07-29-2012, 01:03 PM
| || |
Technically yes, but I wouldn't.
When it was first discovered in 2000, the Coral Red was assumed by the initial describers to be a sub-species of the Dwarf, Nannostomus marginatus. Weitzman (and colleagues) determined it was actually a valid distinct species, though very closely related, and later in 2001 they named it Nannostomus morthentaleri. You can read more in our profile.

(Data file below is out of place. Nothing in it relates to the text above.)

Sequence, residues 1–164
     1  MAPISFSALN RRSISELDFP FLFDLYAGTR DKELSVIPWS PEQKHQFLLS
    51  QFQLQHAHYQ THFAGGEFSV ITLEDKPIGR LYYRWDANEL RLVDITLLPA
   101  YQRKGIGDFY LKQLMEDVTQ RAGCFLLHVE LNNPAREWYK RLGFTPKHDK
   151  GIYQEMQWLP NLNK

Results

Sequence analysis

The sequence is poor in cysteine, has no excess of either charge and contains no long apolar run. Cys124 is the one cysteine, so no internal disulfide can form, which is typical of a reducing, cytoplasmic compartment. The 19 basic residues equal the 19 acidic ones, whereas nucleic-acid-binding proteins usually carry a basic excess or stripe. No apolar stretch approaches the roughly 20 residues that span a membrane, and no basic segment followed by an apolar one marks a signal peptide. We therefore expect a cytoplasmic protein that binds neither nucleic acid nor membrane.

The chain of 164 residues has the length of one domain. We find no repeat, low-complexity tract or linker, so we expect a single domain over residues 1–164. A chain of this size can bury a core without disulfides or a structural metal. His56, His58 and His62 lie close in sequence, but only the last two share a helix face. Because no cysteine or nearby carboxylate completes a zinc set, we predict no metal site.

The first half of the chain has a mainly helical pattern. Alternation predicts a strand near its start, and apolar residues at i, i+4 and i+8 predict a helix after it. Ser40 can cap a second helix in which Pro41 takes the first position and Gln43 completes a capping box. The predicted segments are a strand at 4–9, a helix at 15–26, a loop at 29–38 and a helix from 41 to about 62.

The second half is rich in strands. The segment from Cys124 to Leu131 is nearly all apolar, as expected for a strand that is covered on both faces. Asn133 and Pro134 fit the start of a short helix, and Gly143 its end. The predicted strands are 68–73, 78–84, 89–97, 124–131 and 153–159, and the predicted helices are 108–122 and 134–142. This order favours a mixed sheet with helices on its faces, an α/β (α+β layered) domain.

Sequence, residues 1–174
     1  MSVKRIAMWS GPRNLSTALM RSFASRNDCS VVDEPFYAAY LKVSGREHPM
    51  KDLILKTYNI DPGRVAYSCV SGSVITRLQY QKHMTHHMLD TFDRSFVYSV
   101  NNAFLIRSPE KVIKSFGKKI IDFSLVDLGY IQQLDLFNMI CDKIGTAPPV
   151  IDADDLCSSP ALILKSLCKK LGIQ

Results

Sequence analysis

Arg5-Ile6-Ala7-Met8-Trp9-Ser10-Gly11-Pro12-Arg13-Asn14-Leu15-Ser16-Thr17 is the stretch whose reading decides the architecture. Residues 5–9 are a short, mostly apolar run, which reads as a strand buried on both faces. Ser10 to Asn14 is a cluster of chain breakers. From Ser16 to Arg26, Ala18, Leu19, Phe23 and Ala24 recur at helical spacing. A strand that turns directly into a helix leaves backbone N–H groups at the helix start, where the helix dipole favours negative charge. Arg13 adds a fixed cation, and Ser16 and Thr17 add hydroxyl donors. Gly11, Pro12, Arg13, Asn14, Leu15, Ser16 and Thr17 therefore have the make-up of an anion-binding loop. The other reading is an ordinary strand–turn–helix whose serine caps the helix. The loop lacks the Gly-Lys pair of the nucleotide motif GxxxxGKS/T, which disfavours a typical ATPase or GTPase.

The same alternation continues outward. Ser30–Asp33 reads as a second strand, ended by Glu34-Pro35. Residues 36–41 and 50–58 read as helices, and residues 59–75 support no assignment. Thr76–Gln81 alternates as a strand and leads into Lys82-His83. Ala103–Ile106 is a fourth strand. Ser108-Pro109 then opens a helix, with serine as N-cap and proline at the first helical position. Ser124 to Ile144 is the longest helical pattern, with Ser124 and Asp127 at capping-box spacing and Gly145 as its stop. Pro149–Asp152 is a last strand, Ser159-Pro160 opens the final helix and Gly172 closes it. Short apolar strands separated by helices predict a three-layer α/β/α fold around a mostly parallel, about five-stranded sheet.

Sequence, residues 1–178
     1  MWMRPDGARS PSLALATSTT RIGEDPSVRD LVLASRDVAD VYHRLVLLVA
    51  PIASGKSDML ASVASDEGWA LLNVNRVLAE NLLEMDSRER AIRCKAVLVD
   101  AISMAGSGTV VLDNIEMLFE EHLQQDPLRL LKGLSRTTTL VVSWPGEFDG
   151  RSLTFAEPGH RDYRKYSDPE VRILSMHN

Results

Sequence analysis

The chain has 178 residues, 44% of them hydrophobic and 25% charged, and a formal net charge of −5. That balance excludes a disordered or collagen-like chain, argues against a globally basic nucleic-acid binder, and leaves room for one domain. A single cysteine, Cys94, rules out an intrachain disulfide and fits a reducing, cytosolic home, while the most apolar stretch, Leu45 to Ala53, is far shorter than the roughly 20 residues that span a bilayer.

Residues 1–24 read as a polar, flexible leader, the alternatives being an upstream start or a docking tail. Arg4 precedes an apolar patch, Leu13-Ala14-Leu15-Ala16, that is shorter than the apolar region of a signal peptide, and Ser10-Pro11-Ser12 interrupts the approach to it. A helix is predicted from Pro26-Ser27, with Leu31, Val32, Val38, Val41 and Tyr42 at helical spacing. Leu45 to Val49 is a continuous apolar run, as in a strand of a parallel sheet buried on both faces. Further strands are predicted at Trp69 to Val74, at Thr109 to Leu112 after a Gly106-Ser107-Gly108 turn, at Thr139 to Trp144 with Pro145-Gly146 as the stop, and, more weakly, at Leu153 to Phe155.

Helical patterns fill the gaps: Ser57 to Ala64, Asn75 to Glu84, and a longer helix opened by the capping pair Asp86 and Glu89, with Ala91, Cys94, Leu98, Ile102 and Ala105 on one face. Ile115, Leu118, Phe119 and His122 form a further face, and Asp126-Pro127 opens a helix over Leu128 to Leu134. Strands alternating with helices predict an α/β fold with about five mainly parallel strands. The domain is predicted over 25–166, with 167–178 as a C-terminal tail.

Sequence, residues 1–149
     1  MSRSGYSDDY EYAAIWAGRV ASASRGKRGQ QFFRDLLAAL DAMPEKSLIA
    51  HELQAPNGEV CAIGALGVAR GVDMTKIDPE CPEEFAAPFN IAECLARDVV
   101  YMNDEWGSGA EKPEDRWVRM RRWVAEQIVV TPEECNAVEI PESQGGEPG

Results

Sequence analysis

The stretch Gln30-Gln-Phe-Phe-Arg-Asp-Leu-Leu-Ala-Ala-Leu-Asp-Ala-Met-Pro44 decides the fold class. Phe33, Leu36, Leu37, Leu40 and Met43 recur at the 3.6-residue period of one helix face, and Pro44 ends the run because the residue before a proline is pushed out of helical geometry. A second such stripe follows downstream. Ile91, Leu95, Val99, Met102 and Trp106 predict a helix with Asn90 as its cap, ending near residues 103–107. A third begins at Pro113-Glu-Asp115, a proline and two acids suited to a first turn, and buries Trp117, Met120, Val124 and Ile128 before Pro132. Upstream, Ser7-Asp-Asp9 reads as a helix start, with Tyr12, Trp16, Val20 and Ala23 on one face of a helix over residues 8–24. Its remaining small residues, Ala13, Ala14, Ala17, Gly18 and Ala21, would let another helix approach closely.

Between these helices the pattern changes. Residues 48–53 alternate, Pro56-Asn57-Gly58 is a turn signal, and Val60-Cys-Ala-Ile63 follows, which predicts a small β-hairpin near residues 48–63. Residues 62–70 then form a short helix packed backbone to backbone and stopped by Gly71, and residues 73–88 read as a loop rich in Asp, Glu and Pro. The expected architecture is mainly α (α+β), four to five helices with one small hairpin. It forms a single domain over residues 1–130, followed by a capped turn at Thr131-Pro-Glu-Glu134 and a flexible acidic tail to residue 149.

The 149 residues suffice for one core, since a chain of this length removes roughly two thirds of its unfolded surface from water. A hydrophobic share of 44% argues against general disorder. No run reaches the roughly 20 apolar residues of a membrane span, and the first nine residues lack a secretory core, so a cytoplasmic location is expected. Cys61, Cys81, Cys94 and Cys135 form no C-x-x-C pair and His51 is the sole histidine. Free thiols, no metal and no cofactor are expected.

I have both species, and the third (latest) discovery, Nannostomus rubrocaudatus. It is advisable to keep these three separately. They may cross-breed, given their very close relationship. And there is not much doubt that both N. mortenthaleri and N. rubrocaudatus have evolved (due to isolation) from the original species N. marginatus. The N. marginatus has a very large distribution in Amazonia, whereas the two newer species are each endemic to one river basin. At least, as far as is known.
I have found the two newer species to be hardier than the Dwarf. I have fry from my N. mortenthaleri growing up with the adults.